Continuing our foray into the colorful world of Russian fairy tale cinema, The Snow Maiden (1968), like its protagonist, has a foot in two different worlds. It has touches of the candy-coated, hyper-imaginative fairy tale films of Aleksandr Ptushko (Sadko, The Tale of Tsar Saltan), but with an introspective and adult tone, slower pace, and charged, eerie atmosphere more in tune with 60’s art-house fantasy films like Juliet of the Spirits (1965) and Kwaidan (1964). If it doesn’t compare in impact to those films, perhaps it’s because it’s a commissioned Soviet work paying straight-faced tribute to one of the Motherland’s great artists, Aleksandr Ostrovsky, who wrote the 1873 play The Snow Maiden, based on an old folktale. (The film was released in honor of Ostrovsky’s 150th birthday.) Or perhaps The Snow Maiden simply needs to choose between those two worlds: does it want to be a Russian fairy tale genre film, replete with handsome men operatically singing, or does it want to be an art film with more raw, adult themes?
Two key players keep the film from being just another fairy tale. One is the director, Pavel Kadochnikov, a veteran Russian actor who also appears in the film (looking quite a bit like Sean Connery) as the Tsar Berendey. Kadochnikov, like many actor-turned-directors, focuses his attention on the emotions of the characters; the Snow Maiden might be the daughter of Father Frost, but he only puts in a brief cameo at the beginning of the film, deliberately obscured by a snowstorm. There will be no huts with chicken legs here, nor three-headed dragons. The second key player is the composer, Vladislav Kladnitsky, whose score borders on the experimental, and does much to provide that particular eerie feeling. It’s completely at odds with the festive folk music which the villagers celebrate throughout, another element of the film’s strange dissonance. (One of the most famous incarnations of this tale is the 19th century opera by Nikolai Rimsky-Korsakov. Kladnitsky seems to consciously take his score in the extreme opposite direction.)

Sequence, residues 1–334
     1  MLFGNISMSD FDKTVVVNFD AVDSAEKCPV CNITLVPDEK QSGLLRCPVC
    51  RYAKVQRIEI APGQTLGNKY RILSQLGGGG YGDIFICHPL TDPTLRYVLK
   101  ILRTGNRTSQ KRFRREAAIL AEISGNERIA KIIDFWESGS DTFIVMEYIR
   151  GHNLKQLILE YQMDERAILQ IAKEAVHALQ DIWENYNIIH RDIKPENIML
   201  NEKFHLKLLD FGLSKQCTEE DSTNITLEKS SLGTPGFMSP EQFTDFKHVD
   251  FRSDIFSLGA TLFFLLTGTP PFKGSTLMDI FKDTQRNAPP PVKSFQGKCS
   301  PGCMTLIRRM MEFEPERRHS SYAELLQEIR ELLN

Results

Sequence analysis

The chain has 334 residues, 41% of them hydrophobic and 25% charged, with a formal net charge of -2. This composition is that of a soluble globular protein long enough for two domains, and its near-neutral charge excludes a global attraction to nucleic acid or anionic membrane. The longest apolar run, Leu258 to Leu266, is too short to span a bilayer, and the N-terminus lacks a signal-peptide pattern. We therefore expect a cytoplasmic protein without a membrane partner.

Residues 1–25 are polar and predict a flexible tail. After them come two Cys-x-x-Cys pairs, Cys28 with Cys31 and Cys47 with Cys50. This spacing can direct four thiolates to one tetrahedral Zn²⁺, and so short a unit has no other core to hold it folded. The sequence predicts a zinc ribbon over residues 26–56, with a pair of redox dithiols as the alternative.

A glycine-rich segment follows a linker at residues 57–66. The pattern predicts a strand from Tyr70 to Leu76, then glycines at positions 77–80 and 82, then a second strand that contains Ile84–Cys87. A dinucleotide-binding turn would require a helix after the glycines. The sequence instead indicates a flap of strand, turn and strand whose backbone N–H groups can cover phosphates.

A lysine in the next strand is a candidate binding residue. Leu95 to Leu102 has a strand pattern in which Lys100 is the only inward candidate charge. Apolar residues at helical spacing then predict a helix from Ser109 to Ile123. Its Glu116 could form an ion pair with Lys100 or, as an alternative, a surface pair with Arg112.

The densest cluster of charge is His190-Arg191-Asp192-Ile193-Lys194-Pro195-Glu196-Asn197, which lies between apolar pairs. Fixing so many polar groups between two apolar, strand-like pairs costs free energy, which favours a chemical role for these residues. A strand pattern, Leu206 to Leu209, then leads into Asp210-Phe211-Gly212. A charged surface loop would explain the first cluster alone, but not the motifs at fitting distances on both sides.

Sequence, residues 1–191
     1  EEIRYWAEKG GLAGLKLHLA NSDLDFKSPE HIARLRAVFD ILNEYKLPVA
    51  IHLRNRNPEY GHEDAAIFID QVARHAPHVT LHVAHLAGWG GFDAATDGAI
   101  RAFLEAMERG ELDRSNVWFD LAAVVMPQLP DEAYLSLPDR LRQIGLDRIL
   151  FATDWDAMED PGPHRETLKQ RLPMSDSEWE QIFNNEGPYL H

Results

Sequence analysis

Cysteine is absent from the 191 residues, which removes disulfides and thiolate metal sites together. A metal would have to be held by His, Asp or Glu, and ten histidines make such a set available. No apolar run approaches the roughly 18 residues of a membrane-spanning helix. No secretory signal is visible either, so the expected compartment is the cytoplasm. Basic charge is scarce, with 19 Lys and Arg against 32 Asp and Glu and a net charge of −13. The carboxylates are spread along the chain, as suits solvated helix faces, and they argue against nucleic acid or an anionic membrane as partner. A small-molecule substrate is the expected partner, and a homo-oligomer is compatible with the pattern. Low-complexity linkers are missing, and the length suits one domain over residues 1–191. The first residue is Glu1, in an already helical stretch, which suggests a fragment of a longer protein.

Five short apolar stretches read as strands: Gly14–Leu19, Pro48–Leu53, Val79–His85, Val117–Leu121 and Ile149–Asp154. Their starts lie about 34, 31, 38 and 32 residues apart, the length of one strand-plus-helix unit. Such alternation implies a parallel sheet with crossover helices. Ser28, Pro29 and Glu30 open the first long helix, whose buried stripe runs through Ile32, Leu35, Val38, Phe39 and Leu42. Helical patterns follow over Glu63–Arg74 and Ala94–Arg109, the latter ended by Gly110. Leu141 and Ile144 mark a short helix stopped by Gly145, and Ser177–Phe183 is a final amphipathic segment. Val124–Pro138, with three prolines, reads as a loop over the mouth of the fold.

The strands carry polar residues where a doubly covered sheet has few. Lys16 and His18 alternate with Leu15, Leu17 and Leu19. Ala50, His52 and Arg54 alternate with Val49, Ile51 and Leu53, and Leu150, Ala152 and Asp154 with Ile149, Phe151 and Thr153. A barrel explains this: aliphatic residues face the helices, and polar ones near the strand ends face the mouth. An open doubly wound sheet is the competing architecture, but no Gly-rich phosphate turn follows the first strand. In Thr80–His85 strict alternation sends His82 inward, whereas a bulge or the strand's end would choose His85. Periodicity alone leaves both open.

In medieval Russia, the Snow Maiden (Yevghenia Filonova) refuses to depart with Father Frost to Siberia for warmer months, lured as she is by the happy villagers enjoying a Shrovetide celebration in the snow. He agrees to let her enjoy spring with the villagers, but only after entrusting her safety to the “wood genies” of the forest, strange, moss-covered creatures who emerge from shrubs and swamp. In the village, the Snow Maiden falls under the thrall of an elderly couple in poverty who wishes to sell her beauty for a rich dowry. Though the frosty Snow Maiden cannot love, she quickly becomes attached to the young singer Lel (Evgeniy Zharikov), who is smitten with her, and whose songs she admires. When a rich merchant, Misghir (Boris Khimichev), arrives (also singing) from upriver, he quickly scorns his fiancée Kupava (Irina Gubanova) for the Snow Maiden. Tsar Berendey tells Misghir that he cannot have the girl unless she returns his affections, but the merchant only frightens the snow-spirit; at one point Misghir becomes so desperate in his obsession for the unobtainable Snow Maiden that he nearly rapes her. Lel, meanwhile, falls in love with Kupava, and the Snow Maiden, despairing, turns to her mother, Spring, to learn the gift of love. In doing so – as the old folktale goes – she melts away, seen here in a symbolic shot of the maiden dissolving in a beam of sunlight. Misghir dies of grief.
Kadochnikov films most of this in an appropriately somber manner, but despite his evident intention to deliver a more serious fairy tale, he also gives the audience their expected comic relief characters (three brothers, ancillary to the plot), extraneous songs, and wacky monsters (the wood-sprites look like something from the world of Sid & Marty Krofft). Much time is spent among the characters of the village and the developing love triangles, but in these scenes I found myself more interested in the beautiful costumes of the maidens and the elaborate wooden architecture of the village; the script itself couldn’t hold my attention. At just ninety minutes, the film feels too long. Otherwise, it requires more elaboration of ideas floated during the final scenes – such as the wood-sprites coming to the Snow Maiden’s protection and dazzling Misghir with their magic; or the arrival of her mother, striding over water like the Lady in the Lake. Or, to the point, the film needs to examine the import of a fairy tale in which a woman is given the gift of love for a man wholly undeserving. The Snow Maiden fails to satisfy on those points. It’s one of the more interesting variants of this genre, attempting to appeal as much to adults as to children, but perhaps it wouldn’t melt from the memory so quickly if it committed fully to one or the other.